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Pastors returning to silence to hear, reach God
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An outdoor garden at Grace Episcopal Church is used by many as a place of quiet meditation and prayer. - photo by Scott Rogers

The Rev. Stuart Higginbotham remembers spending time on the banks of Lake Chicot in southeast Arkansas in order to find a little quiet, a little silence, as he was growing up. Sometimes, he simply went into the woods near his home.

“I’ve always been drawn to this question of how transformative silence can be,” said Higginbotham, rector at Grace Episcopal Church. “It’s always been something in my life that I needed.”

That’s why contemplative prayer is something he practices on a daily basis. This type of prayer, Higginbotham said, is focused more on silence and listening for God’s voice, instead of asking God for things — how most of modern culture imagines prayer.

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The Rev. Stuart Higginbotham is the rector at Grace Episcopal Church in downtown Gainesville. He can be reached at stuart@gracechurchgainesville.org

He said contemplative prayer is “grounded in the Biblical tradition of silence, stillness and solitude” and “nurtures a deeper awareness of God’s presence in our lives so that the way we live in the world is transformed through compassion.”

Prayer and contemplation can sometimes best be achieved by physically and mentally cloistering ourselves, according to another local pastor.

“We really do need to take that pattern from Jesus himself and go away, go into our rooms and quiet ourselves and find ways to experience the richness of what silence can actually offer us.”

The Rev. Carolyn Clifton, associate pastor at Gainesville First United Methodist Church, recently helped to lead her church through four weeks of centering prayer during Advent. Centering prayer is a discipline that often leads to contemplative prayer, she said.

“The benefit of it is to find within yourself a center-place in God so that that becomes the place that you live out of,” Clifton said. “In my mind, it’s how you achieve the praying without ceasing, because it becomes a way of living.”

Higginbotham said the original idea of contemplative prayer came from Jesus, who demonstrated it when he went into the desert to fast and pray after being baptized. He said it was also evident when Jesus went to the Garden of Gethsemane to be alone and pray before his crucifixion.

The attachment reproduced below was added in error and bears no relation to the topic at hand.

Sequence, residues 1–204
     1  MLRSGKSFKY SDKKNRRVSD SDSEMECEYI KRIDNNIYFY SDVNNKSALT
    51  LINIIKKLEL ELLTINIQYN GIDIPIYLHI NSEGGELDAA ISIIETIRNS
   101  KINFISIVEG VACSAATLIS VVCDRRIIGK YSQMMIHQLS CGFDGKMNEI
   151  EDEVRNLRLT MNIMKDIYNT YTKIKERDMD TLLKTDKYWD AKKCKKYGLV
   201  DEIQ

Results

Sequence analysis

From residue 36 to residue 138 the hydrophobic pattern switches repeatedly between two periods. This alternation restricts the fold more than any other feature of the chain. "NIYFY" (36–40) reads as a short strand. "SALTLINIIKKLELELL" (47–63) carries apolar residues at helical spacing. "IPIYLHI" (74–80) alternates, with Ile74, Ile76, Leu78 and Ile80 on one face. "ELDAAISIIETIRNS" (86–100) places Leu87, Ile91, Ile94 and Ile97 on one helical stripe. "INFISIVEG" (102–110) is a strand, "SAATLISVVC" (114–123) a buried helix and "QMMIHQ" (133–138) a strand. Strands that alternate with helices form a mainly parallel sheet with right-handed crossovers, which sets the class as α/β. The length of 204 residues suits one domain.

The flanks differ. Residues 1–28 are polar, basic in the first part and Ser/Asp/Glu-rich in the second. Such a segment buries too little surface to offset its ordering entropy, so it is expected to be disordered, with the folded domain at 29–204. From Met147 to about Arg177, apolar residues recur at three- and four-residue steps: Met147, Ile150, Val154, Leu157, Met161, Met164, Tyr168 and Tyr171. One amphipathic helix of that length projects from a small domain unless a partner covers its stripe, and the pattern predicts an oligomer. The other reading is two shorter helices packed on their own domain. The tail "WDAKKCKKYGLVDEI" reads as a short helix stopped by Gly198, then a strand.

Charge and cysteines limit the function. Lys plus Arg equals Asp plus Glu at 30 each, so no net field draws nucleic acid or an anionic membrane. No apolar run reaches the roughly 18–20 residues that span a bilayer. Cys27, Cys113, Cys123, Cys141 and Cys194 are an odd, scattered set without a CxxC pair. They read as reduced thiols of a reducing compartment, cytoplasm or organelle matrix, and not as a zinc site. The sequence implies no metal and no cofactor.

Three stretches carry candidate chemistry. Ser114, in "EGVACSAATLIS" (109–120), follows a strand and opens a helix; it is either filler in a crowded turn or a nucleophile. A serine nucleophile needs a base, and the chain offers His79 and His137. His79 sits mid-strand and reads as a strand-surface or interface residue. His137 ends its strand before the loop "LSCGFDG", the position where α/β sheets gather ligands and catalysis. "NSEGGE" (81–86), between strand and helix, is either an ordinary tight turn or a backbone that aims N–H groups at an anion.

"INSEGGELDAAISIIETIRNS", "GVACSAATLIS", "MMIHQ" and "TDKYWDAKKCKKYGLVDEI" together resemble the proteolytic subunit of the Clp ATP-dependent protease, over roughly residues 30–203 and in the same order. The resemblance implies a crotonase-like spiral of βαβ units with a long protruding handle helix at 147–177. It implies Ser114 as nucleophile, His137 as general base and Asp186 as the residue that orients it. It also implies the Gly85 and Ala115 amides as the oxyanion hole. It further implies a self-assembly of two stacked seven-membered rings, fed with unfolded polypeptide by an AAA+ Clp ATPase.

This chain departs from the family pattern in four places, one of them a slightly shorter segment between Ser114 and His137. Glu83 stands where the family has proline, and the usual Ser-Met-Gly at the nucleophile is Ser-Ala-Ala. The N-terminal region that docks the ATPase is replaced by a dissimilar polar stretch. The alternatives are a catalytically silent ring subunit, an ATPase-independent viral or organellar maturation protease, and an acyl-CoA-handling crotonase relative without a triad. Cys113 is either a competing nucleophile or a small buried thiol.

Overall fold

Higginbotham mentioned part of the verse Matthew 6:6: “But when you pray, go into your room, close the door and pray to your Father, who is unseen.”

“It’s a pattern in Jesus’ own life and one that he encourages his disciples to have, to take moments to actually go and contemplate,” Higginbotham said.

Oftentimes, when Higginbotham enters his time of contemplative prayer, he said he is reminded of poverty. His time of being silent helps him understand the things he truly needs and the things he only wants. He said it also helps him make decisions. In order to not make “rash decisions,” Higginbotham said it’s important to be quiet — something “the church as a whole” could benefit from.

“Taking time each day to sit in silence and pay attention to what rises up — what fears, what concerns, what hopes, what dreams — it reorients the entire way I see my life,” Higginbotham said.

Although it’s a practice that has been demonstrated in the Bible, Higginbotham said it was lost somewhere along the way. Throughout seminary, he said he started studying many different traditions of Christian culture, and he wanted to know more. He ended up doing his doctoral thesis on the subject of contemplative prayer and is working to help his parish and others know more about it. Grace Episcopal is hosting a Mindful Silence Retreat at the church 9 a.m. to 2 p.m. Jan. 12.

“The truth is, where it was lost was when the practice of Christian faith became conflated with political structures of culture,” Higginbotham said. “It depends on where you want to put your focus, and I think that’s really the challenge we’re seeing right now.”

Through centering prayer, Clifton said the focus can be placed on God, which in turn, will help how individuals see the world.

“If you’re centered in God, then it changes how you interact with the person in front of you, or the news you hear on TV or social media or whatever,” Clifton said.

The prevalence of those things on TV or social media may be part of the reason centering prayer is becoming more widespread and contemplative prayer is returning to churches in the United States.

“Everything is so competitive,” Higginbotham said. “It just feels cutthroat. And the toxic political environment, economic uncertainty, real concrete issues in people's’ lives, what does it mean to actually take time out and sit and pay attention to your thoughts? At the end of the day, that’s what we’re called to do is to recognize God’s presence in our lives and recognize God’s presence in everyone else's lives.”

Higginbotham said the unique thing about contemplative prayer is that it can be done in any denomination, though. He said “it is like a river that flows underneath denominations.” People from many different backgrounds can identify with contemplative prayer.

“The practice of contemplative prayer actually brings diverse groups of people together, which I think is a really important piece of the conversation,” Higginbotham said. “The practice actually shows that we can pray alongside each other.”

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Gainesville First United Methodist Church associate pastor Carolyn Clifton places the mark of the cross on parishioners Wednesday, Feb. 14, 2018 during Ash Wednesday service in the church chapel. - photo by Scott Rogers
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